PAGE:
In South Africa there was a class of African-fighter politicians in one of the two main Boer republics, the South African Republic or Transvaal Republic. Its leading figure was Paul Kruger, who served as president of the republic from 1881 to 1902. The second wave consisted of a number of former Boer generals from the Second Anglo-Boer War (1899-1902), who alternated as prime ministers from 1910 to 1948. South Africa then went through three decades without military politicians until President P.W. Botha made his chief of staff, General Magnus Malan, his defense minister to serve as the military’s representative in the cabinet. Malan remained defense minister for a decade before a scandal forced him to give up the defense ministry for another post. He retired from politics less than a year later. He was the last military politician before the end of the apartheid regime.
What these two cases have in common is that military politicians remained in politics as long as there were serious military threats of rebellion, or threats from either the native population or neighboring countries. In America, Indian-fighter politicians were replaced by Mexican War generals once the Indians ceased to constitute a serious threat to most of the population of the country.
From all of America’s foreign wars of the 20th century, only one former general was elected president: Dwight Eisenhower in 1952. Alexander Haig and Wesley Clark utterly failed in their bids to win their parties’ nomination. And in South Africa, no military politicians emerged from the country’s participation in the two world wars.
Of all the conditions that led to the demise of Indian-fighter politicians in America, only one has been reproduced in Israel: when the Palestinians temporarily lost their main foreign military supplier with the demise of the Soviet Union. Iran, however, has quickly moved in to fill the vacuum. Therefore, it can be safely predicted, based on the American and South African experiences, that until there is a peace treaty with Palestine, and probably for 15 or 20 years after, Israel will continue to produce military politicians.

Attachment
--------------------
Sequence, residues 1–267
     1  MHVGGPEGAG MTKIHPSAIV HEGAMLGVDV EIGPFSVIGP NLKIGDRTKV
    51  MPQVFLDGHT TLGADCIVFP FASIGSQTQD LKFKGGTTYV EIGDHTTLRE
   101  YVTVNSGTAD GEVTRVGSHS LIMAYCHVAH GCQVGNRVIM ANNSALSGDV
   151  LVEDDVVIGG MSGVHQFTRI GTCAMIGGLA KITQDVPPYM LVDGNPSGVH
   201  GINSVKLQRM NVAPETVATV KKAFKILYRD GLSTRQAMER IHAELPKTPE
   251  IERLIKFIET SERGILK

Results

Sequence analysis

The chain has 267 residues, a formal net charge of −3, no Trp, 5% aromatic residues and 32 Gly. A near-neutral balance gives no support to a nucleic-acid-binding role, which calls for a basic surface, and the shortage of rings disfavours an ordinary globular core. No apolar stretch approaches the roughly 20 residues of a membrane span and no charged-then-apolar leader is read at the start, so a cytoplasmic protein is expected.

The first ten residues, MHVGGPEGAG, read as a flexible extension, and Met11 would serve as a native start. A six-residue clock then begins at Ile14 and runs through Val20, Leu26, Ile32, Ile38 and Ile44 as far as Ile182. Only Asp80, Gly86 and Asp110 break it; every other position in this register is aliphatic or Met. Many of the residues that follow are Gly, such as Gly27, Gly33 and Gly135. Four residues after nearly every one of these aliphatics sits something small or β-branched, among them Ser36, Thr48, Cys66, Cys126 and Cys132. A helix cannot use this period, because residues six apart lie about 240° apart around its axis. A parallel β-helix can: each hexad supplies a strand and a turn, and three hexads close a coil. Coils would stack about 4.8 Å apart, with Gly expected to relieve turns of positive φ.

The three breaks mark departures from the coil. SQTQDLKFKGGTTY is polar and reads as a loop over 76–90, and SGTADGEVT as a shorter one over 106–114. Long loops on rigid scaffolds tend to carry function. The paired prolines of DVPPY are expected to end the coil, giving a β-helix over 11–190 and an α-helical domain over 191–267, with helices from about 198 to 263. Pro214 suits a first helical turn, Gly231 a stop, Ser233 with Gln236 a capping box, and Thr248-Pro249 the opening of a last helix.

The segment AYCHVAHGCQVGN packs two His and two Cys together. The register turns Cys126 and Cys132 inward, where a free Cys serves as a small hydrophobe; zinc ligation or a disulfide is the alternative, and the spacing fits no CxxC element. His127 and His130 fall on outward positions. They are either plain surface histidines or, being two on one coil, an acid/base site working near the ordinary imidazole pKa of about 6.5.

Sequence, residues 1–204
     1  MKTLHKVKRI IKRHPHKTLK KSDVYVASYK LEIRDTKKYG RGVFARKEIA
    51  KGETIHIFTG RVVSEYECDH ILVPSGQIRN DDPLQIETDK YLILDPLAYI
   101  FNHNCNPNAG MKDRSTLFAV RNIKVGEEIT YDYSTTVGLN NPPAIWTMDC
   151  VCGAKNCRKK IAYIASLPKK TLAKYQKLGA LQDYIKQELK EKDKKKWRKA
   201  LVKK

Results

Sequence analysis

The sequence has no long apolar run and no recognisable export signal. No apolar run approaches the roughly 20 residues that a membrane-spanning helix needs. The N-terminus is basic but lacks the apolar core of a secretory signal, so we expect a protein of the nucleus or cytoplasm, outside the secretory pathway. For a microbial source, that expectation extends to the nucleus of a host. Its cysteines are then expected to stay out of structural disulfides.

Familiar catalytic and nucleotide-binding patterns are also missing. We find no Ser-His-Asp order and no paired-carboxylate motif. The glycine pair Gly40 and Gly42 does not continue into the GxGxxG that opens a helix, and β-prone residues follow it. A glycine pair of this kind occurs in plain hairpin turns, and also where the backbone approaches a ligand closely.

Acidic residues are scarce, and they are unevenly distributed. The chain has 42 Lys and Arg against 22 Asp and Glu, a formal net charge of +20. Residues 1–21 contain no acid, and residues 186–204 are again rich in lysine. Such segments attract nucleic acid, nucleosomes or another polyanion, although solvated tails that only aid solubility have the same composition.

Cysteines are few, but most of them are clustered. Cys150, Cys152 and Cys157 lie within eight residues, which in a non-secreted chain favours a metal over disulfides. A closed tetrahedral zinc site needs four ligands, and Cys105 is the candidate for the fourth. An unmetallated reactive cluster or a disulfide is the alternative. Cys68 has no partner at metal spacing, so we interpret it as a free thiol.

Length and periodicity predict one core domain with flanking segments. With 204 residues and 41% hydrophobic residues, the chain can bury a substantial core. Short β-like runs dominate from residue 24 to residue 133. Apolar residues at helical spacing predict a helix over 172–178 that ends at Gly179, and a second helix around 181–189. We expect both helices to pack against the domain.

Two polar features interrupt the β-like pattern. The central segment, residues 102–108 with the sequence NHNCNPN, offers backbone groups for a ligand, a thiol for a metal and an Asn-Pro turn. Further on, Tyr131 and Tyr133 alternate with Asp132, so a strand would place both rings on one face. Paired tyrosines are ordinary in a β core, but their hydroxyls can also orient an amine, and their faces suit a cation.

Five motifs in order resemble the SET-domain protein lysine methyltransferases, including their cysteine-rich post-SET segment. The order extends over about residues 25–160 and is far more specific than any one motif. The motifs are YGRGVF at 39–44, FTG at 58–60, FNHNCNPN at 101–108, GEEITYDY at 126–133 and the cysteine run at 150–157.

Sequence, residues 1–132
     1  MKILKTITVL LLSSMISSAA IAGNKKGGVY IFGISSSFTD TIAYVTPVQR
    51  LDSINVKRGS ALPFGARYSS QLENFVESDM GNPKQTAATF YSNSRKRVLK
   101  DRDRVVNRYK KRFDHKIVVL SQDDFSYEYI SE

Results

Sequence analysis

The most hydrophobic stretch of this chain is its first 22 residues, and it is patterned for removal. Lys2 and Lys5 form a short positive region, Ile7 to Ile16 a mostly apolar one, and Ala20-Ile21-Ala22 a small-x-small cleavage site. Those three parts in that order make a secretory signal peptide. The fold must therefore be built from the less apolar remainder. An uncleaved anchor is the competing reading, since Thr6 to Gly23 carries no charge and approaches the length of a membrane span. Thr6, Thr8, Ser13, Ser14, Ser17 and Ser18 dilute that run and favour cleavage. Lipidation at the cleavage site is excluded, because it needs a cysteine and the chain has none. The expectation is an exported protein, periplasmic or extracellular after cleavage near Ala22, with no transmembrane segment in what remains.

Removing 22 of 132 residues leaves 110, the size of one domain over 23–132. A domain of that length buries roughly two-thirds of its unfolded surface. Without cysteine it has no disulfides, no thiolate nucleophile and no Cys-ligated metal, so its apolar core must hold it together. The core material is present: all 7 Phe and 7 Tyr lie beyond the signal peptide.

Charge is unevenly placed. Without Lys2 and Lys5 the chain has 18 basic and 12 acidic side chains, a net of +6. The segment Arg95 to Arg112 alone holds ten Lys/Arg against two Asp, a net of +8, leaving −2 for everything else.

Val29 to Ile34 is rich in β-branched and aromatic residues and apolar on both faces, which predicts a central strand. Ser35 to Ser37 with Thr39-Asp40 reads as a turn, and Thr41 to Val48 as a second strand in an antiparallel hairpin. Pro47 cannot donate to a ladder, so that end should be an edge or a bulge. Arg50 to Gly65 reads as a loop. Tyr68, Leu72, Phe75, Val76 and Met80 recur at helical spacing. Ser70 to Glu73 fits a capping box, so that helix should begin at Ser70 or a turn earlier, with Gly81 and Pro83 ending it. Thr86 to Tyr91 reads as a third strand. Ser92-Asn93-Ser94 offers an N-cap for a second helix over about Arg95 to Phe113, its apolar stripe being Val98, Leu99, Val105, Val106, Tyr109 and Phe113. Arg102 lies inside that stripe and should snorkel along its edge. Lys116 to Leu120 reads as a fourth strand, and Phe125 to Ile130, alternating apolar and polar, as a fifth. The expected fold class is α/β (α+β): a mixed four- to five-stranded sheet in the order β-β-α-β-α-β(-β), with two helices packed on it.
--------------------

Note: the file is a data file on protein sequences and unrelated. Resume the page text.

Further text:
Not content to rely on only two cases, I also examined all the other former British settler colonies to see if I could find other cases of military-politician classes. The search came up negative. I then looked at former European colonial powers that were also democracies. Both France and Weimar Germany had three former generals in politics, but this is too small a number to draw conclusions from. Franco’s Spain had more—but it was not a democracy and the generals came to power through a civil war.
From the experiences of the U.S., South Africa, and Israel, I have concluded that three conditions were necessary to produce a class of military politicians. First, there had to be a serious and prolonged threat to the country’s population either from the native population or from its neighbors. Second, the country had to be responsible for its own defense. And finally, the country had to be both independent and a democracy (at least for the white settlers). In all, of the other British settler colonies, one or more of these conditions was not present. At most, it was the British army that was responsible for security, and independence came long after the native population had been defeated and subdued.
In the second part, I will examine in detail the attitudes of Israel’s most successful military politicians towards peace with the Palestinians.
Thomas G. Mitchell is the author of Mr. Security: Israeli Military Politicians from Dayan to Barak, due out from McFarland Publishing in late 2014.